In May 1998 the 51st World Health Assembly renewed the initiative, adopting a global strategy in support of ‘Health for all in the 21st century’, to be effected through regional and national health policies. The new approach was to build on the primary health care approach of the initial strategy, but was to strengthen the emphasis on quality of life, equity in health and access to health services.
    The World Bank is a vital source of financial and technical assistance to developing countries around the world.

    The World Bank Group today comprises five closely associated institutions that collaborate to support development projects worldwide. These 5 Organizations are –

    Established 1945 IBRD aims to reduce poverty in middle-income and creditworthy poorer countries by promoting sustainable development through loans, guarantees, risk management products, and (non lending) analytical and advisory services. The income that IBRD has generated over the years has allowed it to fund development activities and to ensure its financial strength, which enables it to borrow in capital markets at low cost and offer clients good borrowing terms.
    Established 1960 Contributions to IDA enable the World Bank to provide approximately $8 billion to $9 billion a year in highly concessional financing to the world’s 81 poorest countries (home to 2.6 billion people). IDA’s interest-free credits and grants are vital because these countries have little or no capacity to borrow on market terms. In most of these countries, the great majority of people live on less than $2 a day. IDA’s resources help support country-led poverty reduction strategies in key policy areas, including raising productivity, providing accountable governance, building a healthy private investment climate, and improving access to education and health care for poor people.
    Established 1956 IFC promotes economic development through the private sector. Working with business partners, it invests in sustainable private enterprises in developing countries without accepting government guarantees. It provides equity, long-term loans, structured finance and risk management products, and technical assistance and advisory services to its clients. IFC seeks to reach businesses in regions and countries that have limited access to capital. It provides finance in markets deemed too risky by commercial investors in the absence of IFC participation and adds value to the projects it finances through its corporate governance, environmental, and social expertise.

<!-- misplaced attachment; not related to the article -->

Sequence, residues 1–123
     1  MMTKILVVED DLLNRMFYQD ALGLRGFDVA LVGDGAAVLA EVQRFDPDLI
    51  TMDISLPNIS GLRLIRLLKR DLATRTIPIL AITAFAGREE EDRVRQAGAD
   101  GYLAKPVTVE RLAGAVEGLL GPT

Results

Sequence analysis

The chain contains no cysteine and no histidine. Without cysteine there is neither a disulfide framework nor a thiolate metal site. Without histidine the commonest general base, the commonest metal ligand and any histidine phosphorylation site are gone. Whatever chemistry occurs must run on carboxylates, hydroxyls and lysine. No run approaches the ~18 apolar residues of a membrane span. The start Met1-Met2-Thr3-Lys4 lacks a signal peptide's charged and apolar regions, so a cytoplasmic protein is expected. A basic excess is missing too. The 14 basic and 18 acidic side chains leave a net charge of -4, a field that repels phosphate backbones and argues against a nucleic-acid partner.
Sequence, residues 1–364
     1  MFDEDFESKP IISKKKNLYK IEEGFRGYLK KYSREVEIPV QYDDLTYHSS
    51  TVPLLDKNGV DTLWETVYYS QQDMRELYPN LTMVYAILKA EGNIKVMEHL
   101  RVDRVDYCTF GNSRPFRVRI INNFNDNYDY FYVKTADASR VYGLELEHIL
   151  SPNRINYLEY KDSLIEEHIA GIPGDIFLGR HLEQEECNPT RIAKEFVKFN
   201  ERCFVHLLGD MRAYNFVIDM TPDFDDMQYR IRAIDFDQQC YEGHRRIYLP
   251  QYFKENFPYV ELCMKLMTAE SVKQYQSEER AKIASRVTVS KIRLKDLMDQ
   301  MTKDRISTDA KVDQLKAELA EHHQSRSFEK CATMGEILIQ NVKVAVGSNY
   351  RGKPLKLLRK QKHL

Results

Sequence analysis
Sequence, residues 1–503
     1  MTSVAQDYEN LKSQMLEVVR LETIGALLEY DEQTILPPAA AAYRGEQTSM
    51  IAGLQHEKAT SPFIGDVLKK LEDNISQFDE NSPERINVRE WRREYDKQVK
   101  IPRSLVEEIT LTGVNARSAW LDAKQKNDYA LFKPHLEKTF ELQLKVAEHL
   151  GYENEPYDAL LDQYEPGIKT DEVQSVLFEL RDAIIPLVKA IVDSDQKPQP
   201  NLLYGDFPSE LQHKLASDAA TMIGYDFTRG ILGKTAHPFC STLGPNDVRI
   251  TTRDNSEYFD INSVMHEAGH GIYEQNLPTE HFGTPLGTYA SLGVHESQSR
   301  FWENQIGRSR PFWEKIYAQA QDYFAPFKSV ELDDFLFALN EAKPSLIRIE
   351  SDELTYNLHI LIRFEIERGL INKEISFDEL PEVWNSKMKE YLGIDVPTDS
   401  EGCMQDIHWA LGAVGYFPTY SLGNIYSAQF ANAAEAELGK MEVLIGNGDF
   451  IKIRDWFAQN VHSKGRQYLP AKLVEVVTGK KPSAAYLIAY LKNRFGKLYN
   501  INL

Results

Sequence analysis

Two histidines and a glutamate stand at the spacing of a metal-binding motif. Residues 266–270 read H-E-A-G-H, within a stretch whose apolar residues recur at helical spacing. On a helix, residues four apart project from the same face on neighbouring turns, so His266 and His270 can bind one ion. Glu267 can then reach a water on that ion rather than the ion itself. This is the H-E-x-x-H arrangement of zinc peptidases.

Established 1988 Concerns about investment environments and perceptions of political risk often inhibit foreign direct investment—a key driver of economic growth—in developing countries. MIGA addresses these concerns by providing political risk insurance (guarantees), offering investors protection against noncommercial risks such as expropriation, currency inconvertibility, breach of contract, war, and civil disturbance. MIGA also provides advisory services to help countries attract and retain foreign investment, mediates investment disputes to keep current investments intact and remove possible obstacles to future investment, and disseminates information on investment opportunities to the international business community.
    Established 1966 ICSID helps encourage foreign investment by providing international facilities for conciliation and arbitration of investment disputes, thereby helping foster an atmosphere of mutual confidence between states and foreign investors. Many international agreements concerning investment refer to ICSID’s arbitration facilities. ICSID also conducts research and publishing activities in the areas of arbitration law and foreign investment law.

    A more detail on the constituents of the World Bank group is given below.


    The International Bank for Reconstruction and Development (IBRD) aims to reduce poverty in middle-income countries and creditworthy poorer countries by promoting sustainable development through loans, guarantees, risk management products, and analytical and advisory services. Established in 1944 as the original institution of the World Bank Group, IBRD is structured like a cooperative that is owned and operated for the benefit of its 188 member countries.

    IBRD raises most of its funds on the world’s financial markets and has become one of the most established borrowers since issuing its first bond in 1947. The income that IBRD has generated over the years has allowed it to fund development activities and to ensure its financial strength, which enables it to borrow at low cost and offer clients good borrowing terms.

    Founded in 1944 to help Europe recover from World War II, the International Bank for Reconstruction and Development (IBRD) is one of five institutions that make up the World Bank Group. IBRD is the part of the World Bank (IBRD/IDA) that works with middle-income and creditworthy poorer countries to promote sustainable, equitable and job-creating growth, reduce poverty and address issues of regional and global importance.

    Structured something like a cooperative, IBRD is owned and operated for the benefit of its 187 member countries. Delivering flexible, timely and tailored financial products, knowledge and technical services, and strategic advice helps its members achieve results. Through the World Bank Treasury, IBRD clients also have access to capital on favorable terms in larger volumes, with longer maturities, and in a more sustainable manner than world financial markets typically provide.
    Specifically, the IBRD:

  • supports long-term human and social development needs that private creditors do not finance;
  • preserves borrowers’ financial strength by providing support in crisis periods, which is when poor people are most adversely affected;
  • uses the leverage of financing to promote key policy and institutional reforms (such as safety net or anticorruption reforms);
  • creates a favorable investment climate in order to catalyze the provision of private capital;
  • provides financial support (in the form of grants made available from the IBRD’s net income) in areas that are critical to the well-being of poor people in all countries.
  • Middle-income countries, where 70 percent of the world’s poor live, have made profound improvements in economic management and governance over the past two decades and are rapidly increasing their demand for the strategic, intellectual and financial resources the World Bank has to offer. The challenge facing the IBRD is to better manage and deliver its resources to best meet the needs of these countries.
    To increase its impact in middle-income countries, IBRD is working closely with the International Finance Corporation (IFC), the Multilateral Investment Guarantee Agency (MIGA), the International Monetary Fund (IMF) and other multilateral development banks. In the course of its work, IBRD is also striving to capitalize on middle-income countries’ own accumulated knowledge and development experiences and collaborates with foundations, civil society partners and donors in the development community.